By David Alire Garcia
NOGALES, Mexico (Reuters) – Donald Trump’s election victory and his plans to crack down on illegal immigration is so troubling for the groups of men gathered just south of a rusty, towering fence on the U.S.-Mexico border that some are even considering going home.
For most poor at travelers’ shelters in the desert town of Nogales, Trump’s threats to build a wall along the whole border and deport millions of illegal immigrants have not made them abandon their harrowing journeys and hopes of a better life in the north.
But for some like Juan Alberto Lopez, the prospect of living in a country they believe will become more hostile to people like them no longer holds enough appeal to make the risky crossing across the desolate Arizona borderland.
“Now everything’s changed,” said the despondent Lopez, 25, as he sat staring blankly at the ground in outside one migrant center, under a cobalt sky.
Lopez hails from the southern state of Chiapas, Mexico’s poorest, and lived for two years in Arizona and Utah working in construction before being deported in January. Under one of Trump’s proposals, he would face a two-year federal prison sentence for returning after deportation.
He had decided to go back to the United States when Democratic candidate Hillary Clinton was projected to win the election. Now, he plans to seek work in Nogales instead, or go home.
“They’re going to detain all the migrants, and if it’s like that, it’s better to stay here with your own people, be happy, and just endure it,” he added, echoing the sentiments of a third of more than a dozen migrants interviewed by Reuters in Nogales following Trump’s victory.
In running for president, Trump promised to deport millions of illegal immigrants as well as build a wall along the border to stop others entering the United States, and make Mexico pay for it.
His uncompromising stance helped drive a rush over the U.S. border as some migrants calculated it was better to cross over before the election in case Trump won. That could continue in coming months even as some like Lopez decide they no longer want to live in the United States.
During fiscal year 2016, which ended in September, the number of people detained along the U.S.-Mexico border surpassed 408,000, a 23 percent jump from last year, although it was less than in 2014, official U.S. data published last month showed.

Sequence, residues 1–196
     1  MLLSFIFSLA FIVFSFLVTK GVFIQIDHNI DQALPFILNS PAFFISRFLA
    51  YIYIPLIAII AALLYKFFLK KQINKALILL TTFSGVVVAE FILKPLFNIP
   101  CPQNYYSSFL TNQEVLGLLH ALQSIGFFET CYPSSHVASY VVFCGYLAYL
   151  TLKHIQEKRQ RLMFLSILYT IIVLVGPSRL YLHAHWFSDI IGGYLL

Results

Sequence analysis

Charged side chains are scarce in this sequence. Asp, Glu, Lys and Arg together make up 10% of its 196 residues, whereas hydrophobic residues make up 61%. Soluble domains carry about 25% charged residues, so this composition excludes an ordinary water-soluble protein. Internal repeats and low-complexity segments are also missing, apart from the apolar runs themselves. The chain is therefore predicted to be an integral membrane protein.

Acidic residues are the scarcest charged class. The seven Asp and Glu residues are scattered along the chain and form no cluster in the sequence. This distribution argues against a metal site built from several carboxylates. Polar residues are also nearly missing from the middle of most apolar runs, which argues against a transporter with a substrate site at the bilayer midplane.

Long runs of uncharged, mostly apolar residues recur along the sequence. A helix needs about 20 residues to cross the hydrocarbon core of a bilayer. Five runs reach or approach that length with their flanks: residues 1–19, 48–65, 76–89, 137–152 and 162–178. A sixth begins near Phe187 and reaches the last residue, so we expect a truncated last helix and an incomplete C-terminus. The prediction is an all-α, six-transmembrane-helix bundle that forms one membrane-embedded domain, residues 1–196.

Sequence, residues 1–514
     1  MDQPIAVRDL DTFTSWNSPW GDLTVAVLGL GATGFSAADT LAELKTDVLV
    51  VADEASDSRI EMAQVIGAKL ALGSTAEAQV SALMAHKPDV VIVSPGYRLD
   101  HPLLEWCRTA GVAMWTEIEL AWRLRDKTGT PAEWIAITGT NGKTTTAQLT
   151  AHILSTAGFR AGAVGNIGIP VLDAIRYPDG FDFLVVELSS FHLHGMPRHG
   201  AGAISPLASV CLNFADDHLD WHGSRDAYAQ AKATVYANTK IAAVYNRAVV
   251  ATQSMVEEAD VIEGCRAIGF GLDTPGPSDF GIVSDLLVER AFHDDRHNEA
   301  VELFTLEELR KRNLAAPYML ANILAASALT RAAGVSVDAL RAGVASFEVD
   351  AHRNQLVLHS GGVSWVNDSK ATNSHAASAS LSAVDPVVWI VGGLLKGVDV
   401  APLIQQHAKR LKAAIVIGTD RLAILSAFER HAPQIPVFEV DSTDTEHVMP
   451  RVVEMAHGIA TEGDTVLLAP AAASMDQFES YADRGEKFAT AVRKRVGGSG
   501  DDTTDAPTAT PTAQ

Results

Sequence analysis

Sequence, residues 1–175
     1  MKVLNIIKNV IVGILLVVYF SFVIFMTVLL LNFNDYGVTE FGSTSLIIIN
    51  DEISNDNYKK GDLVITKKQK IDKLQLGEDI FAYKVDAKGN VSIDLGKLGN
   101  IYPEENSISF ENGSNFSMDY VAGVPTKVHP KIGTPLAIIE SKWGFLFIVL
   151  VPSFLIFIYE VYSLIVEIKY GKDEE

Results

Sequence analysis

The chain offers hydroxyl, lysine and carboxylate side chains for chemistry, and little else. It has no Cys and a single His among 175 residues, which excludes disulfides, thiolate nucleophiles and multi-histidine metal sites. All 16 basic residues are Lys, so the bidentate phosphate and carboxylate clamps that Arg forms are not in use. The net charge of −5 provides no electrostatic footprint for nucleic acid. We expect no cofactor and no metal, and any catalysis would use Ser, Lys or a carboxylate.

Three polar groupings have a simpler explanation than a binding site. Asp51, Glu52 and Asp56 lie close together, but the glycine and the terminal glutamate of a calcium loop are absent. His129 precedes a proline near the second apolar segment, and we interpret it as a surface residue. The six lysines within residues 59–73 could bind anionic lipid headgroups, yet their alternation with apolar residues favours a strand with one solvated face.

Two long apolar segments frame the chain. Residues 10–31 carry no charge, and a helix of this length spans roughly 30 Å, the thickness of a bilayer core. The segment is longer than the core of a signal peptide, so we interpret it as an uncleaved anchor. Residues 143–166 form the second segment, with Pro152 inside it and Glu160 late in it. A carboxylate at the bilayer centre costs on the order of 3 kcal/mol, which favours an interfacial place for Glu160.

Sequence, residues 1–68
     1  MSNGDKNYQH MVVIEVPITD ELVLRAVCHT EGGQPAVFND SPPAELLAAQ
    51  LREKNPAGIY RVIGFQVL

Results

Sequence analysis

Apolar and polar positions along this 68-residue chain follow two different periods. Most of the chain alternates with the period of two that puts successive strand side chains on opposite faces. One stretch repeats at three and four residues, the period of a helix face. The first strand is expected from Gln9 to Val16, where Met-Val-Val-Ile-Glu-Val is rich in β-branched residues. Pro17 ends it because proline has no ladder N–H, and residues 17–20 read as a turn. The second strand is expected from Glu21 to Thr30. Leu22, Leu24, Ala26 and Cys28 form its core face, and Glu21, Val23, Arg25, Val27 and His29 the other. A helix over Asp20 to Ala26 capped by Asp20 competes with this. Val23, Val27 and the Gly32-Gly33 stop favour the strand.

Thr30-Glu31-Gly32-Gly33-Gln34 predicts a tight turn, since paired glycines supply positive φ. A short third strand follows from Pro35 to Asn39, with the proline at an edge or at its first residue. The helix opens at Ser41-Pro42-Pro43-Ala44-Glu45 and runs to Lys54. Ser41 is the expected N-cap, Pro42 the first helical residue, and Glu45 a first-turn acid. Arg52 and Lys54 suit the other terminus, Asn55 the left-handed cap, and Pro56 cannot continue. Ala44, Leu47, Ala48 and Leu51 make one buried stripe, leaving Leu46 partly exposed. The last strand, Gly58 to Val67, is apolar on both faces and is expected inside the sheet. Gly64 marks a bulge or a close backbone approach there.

“I really don’t care about President Trump. I’m always going to cross regardless of any walls he wants,” said Alexi Solano, 20, a migrant from El Salvador, whose wife and young son are already in Los Angeles.
“That doesn’t matter to us. What we want is to be together with our families.”
Mexico’s deputy interior minister for migration, Humberto Roque Villanueva, said he expected that flow to peak in 2016 as Trump will ramp up already tough deportation policies applied by President Barack Obama.
“A certain radicalization of the North American immigration policy is coming,” Roque Villanueva said.
THUGS AND SNAKES
In Nogales, a city of 230,000 dotted with factories of multinational firms like Motorola and B/E Aerospace, migrants say people smugglers typically charge $4,000 per person for a one-way ticket across the border.
As with long stretches of the 2,000-mile (3,200-km) border, a 25-foot-tall fence already exists along the international boundary here, built in 2011 and made up of thick rust-colored metal beams that follow the rocky terrain for miles to the west and east of the city.
Beyond the fence on the U.S. side, a parallel set of wooden posts are topped with cameras and sensors. In the distance, U.S. immigration vehicles slowly patrol the border.
Some 25 miles (40 km) to the east of town, the towering fence comes to an end and is replaced with a waist-high barrier that mainly serves to stop trucks plowing through the desert.
While some migrants trudge around the barricade, risking weather exposure on foot through rugged terrain menaced by drug cartel thugs and poisonous snakes, others opt to ride hidden in trucks that drive through official crossings, a route made possible, several said, by bribes.
Maria Engracia Robles, a Roman Catholic nun who runs El Comedor center for deportees and migrants within sight of the border fence in Nogales, thinks Trump’s victory will likely bring more hardship and worries about the challenges that mass deportations would bring.
“More anguish, tears, laments, and lots of people in Mexico without work, without anything to do and no place to go,” said Robles, whose center provides free meals, clothes and basic medical care.
Braced against the dry wind, dozens of hungry migrants line up around El Comedor’s entrance for breakfast each morning. On Thursday, two men just inside the shelter could be overheard on mobile phones asking for a coyote, or human trafficker, to attempt another crossing.
“Here there is no work, and salaries are terrible,” said Robles.
The U.S.-Mexico border is home to the largest per capita wage differential of any land border on the planet, with average U.S. wages about five times higher than Mexican wages.
Further south, in Central America, incomes are even lower, and crime worse, fueling a surge of migration in recent years. More Central American migrants were apprehended on the U.S. southern border than Mexicans this year.
Jose Flores, 19, a Honduran migrant who set out for the United States three months ago, ticked off the perils posed by violent gangs and dismal job prospects in his home country.
“I imagine it’s going to get a lot harder to cross,” he said. “But what hasn’t changed is we’re looking for a better life.”
(This story has been refiled to fix typo in 20th paragraph)
(Additional reporting by Gabriel Stargardter; Editing by Frank Jack Daniel and Kieran Murray)
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